Deceptive people are hard to spot for just that reason -- they're tricky, conniving, and good at what they do. It's wise to vet the reputation of every real estate agent you deal with, as disreputable individuals have the potential to cost you serious money and cause a lot of heartache.
Ask about brokerage affiliation and licensing. A licensed realtor works with an established broker and should be able to provide you with proof of this association. The broker helps ensure all aspects of the real estate transaction are carried out in accordance with law. Someone claiming to work as an independent representative with no brokerage ties or verifiable license is probably deceiving you.
Get references. A real estate agent with a long list of happy clients should be more than willing to give you letters of recommendation or phone numbers of people you can contact for personal testimonials. Ask previous clients what they liked and didn't like about working with the agent, and if they felt they were treated fairly in the process.
Watch out for high-pressure sales. Whether a real estate agent is selling a property for you or helping you find your dream home, his job is to represent you and your best interests rather than his own. Don't be fooled by anyone who tries to push for an immediate exclusive contract, sell you a property you're not completely in love with, or force you to make a hasty decision about selling property for terms you're not happy with.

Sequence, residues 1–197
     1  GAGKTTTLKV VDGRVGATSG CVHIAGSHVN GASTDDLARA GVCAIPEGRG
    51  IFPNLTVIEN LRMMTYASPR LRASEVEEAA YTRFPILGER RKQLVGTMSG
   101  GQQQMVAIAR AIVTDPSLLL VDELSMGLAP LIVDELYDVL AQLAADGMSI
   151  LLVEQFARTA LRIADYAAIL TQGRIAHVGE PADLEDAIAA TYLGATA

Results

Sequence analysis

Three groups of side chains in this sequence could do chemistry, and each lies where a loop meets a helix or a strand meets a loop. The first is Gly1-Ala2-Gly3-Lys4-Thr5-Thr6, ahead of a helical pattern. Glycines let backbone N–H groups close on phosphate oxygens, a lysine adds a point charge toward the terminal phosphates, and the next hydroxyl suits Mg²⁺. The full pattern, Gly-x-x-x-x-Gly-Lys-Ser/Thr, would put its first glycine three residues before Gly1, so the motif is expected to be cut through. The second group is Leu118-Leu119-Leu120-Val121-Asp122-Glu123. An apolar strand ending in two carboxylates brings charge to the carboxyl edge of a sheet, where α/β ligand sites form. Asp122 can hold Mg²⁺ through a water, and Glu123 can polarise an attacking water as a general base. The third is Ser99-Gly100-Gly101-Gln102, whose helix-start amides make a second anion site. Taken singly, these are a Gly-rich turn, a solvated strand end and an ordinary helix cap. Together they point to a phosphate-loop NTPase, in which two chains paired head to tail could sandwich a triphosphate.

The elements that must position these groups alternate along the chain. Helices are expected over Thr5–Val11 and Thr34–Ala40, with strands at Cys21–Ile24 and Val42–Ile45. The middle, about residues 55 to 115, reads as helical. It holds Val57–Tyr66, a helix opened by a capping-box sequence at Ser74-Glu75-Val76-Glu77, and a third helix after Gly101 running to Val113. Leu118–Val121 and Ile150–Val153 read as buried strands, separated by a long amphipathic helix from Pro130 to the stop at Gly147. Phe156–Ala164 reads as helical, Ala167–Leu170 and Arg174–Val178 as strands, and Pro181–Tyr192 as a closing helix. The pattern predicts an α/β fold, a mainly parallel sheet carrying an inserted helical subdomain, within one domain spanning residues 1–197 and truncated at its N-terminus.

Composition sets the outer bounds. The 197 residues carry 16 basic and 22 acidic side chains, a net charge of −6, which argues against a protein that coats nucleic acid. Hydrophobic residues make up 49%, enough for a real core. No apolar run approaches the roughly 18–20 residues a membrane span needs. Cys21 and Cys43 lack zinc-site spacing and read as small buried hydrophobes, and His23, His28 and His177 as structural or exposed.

Ask how current online listings are. Deceptive agents sometimes leave old listings on their websites to appear more active and successful than they really are.
Beware of an unwillingness to stay in constant communication, answer questions or educate you about the real estate process. If there’s anything you don’t understand about real estate terms, processes or contractual language, the agent should explain it. If he seems hesitant about providing you with additional information you need to make an informed decision, be wary.
Don't work with a real estate agent who won't put all of your agreement terms in writing. An agent who wants to work on a verbal agreement or handshake could be setting you up. It's not a matter of trust, but rather, a matter of being smart and protecting your own interests. Get everything in writing.
- Read the fine print on contracts and have a legal professional look over paperwork before you sign. Find a real estate agent who is willing to represent you solely as a buyer's or seller's agent. Question an agent who tries to dissuade you from having an attorney look over your contracts before signing. If there's nothing to hide, the review should be a non-issue.
Lisa McQuerrey has been a business writer since 1987. In 1994, she launched a full-service marketing and communications firm. McQuerrey's work has garnered awards from the U.S. Small Business Administration, the International Association of Business Communicators and the Associated Press. She is also the author of several nonfiction trade publications, and, in 2012, had her first young-adult novel published by Glass Page Books.